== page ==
Improvement in long term and visuo-spatial memory following chronic pioglitazone in mouse model of Alzheimer's disease.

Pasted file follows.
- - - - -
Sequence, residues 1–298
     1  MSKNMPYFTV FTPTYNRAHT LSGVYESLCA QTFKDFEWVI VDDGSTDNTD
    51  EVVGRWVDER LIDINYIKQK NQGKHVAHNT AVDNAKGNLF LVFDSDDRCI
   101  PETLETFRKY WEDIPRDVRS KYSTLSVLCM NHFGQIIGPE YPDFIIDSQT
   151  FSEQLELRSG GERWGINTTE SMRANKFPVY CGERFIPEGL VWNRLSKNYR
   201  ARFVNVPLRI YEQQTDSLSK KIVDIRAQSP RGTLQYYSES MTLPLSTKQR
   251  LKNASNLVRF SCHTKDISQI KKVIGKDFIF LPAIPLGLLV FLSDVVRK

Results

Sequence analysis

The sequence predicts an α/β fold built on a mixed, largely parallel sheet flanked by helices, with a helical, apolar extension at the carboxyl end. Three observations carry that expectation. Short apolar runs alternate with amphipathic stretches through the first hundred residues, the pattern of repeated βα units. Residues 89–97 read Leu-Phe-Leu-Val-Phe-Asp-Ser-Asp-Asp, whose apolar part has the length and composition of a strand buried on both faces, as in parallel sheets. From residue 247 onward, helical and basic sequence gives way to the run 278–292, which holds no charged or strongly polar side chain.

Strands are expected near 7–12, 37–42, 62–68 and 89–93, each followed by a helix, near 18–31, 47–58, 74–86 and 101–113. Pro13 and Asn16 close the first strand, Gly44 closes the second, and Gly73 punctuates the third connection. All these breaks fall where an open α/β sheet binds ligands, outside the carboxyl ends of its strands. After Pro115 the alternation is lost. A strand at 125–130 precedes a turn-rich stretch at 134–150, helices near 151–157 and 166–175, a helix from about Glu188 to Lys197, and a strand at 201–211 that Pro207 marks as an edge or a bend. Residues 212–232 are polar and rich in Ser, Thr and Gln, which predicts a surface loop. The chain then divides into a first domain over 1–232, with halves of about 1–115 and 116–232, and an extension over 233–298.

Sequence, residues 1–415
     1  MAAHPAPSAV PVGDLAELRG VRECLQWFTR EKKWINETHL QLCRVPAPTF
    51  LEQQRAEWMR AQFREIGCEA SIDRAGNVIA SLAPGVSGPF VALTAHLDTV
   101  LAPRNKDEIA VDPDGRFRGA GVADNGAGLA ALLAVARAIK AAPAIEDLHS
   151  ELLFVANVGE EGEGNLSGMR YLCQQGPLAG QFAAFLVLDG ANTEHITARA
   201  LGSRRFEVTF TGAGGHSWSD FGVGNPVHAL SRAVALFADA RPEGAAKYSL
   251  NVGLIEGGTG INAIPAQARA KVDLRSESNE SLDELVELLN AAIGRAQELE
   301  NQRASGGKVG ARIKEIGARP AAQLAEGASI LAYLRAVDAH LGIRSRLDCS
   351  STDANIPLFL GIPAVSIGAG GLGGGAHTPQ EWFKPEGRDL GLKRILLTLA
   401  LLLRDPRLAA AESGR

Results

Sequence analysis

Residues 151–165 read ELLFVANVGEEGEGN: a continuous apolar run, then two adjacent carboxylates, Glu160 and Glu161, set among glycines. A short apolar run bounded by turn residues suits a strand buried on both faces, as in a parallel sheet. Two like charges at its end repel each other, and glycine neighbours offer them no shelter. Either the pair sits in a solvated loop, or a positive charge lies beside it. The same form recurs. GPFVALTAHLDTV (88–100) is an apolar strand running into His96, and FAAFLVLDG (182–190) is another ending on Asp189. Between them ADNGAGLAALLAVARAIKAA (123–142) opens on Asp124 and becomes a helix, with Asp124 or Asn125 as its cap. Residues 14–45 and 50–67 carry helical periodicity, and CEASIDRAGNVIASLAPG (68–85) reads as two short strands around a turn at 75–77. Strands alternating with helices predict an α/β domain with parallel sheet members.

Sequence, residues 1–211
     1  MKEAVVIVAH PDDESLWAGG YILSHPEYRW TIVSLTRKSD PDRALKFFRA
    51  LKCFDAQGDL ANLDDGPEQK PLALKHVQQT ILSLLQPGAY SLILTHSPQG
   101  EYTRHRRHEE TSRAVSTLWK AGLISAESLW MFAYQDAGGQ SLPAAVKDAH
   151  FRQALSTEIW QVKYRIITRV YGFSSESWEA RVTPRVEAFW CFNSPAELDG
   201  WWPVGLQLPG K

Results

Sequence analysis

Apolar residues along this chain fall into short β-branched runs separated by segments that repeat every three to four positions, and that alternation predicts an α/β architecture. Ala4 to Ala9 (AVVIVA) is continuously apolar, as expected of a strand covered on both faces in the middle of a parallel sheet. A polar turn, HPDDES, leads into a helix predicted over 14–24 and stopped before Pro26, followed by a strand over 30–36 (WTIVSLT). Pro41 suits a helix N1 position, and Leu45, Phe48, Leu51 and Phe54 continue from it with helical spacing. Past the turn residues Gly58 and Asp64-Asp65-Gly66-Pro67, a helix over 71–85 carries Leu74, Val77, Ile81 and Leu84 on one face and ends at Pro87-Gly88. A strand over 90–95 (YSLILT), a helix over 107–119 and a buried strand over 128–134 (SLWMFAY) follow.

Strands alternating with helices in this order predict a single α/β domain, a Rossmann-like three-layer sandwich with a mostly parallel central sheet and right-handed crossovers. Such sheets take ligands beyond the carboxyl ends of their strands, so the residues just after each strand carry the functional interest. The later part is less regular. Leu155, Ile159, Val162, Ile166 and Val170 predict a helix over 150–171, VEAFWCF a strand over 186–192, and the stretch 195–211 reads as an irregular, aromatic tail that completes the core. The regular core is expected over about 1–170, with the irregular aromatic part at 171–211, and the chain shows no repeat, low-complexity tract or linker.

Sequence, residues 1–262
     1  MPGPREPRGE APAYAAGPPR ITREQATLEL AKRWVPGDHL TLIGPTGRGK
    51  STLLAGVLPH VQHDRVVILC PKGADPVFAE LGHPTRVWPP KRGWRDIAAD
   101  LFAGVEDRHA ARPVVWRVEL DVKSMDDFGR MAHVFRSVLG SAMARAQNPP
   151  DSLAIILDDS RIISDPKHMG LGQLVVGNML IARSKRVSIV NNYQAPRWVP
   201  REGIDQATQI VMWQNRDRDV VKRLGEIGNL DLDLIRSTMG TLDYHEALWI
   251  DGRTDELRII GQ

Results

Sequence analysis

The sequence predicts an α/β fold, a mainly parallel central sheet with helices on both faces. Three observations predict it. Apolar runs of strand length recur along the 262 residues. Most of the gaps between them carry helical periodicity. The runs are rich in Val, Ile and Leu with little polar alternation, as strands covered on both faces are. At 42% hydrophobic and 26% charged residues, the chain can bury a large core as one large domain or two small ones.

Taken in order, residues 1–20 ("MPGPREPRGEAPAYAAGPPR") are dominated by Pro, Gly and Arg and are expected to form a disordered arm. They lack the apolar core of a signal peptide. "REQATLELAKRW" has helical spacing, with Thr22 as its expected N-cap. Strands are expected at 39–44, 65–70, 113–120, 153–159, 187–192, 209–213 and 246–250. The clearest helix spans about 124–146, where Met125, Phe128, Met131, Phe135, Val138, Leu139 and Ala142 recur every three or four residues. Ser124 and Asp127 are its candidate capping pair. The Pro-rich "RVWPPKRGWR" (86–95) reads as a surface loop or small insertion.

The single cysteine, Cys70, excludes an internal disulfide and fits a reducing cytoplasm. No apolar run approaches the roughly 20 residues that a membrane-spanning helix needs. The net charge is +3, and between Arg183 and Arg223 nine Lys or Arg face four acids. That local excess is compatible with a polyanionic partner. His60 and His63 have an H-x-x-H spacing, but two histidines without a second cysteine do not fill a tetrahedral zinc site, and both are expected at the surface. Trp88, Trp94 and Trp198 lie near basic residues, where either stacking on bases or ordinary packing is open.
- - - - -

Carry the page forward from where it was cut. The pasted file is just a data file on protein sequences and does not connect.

Peroxisome proliferator-activated receptor-gamma (PPAR-γ) agonists (thiazolidinediones) are widely prescribed for the treatment of type-II diabetes mellitus. Recently, PPAR-γ agonists have shown neuroprotective effects in neurodegenerative disorders. The current study was carried out to investigate the effects of chronic administration of pioglitazone, a PPAR-γ agonist, on cognitive impairment in a mouse model of Alzheimer's disease induced by scopolamine. Scopolamine was administered in a dose of 1mg/kg intraperitoneally (i.p.). Cognitive functions were assessed using step-down latency (SDL) on a passive avoidance apparatus and escape latency in Morris water maze test. Pioglitazone was also investigated for its effects on parameters of oxidative stress by measuring malondialdehyde (MDA) and reduced glutathione (GSH) levels in the brain. Scopolamine produced significant reduction in SDL and prolongation of escape latency indicating cognitive impairment in mice. Pioglitazone (20 and 40 mg/kg, i.p.), administered for 21 days, showed significant dose-dependent improvement in scopolamine-induced dysfunctions in long-term and visuo-spatial memory in passive avoidance and Morris water maze tests, respectively. Furthermore, pioglitazone significantly prevented the fall in GSH levels and elevation in brain MDA levels induced by scopolamine. These results demonstrate that pioglitazone offers protection against scopolamine-induced dysfunctions in long-term and visuo-spatial memory, possibly due to its antioxidant action, and therefore, could have a therapeutic potential in Alzheimer's disease. Copyright © 2012 Elsevier Inc. All rights reserved.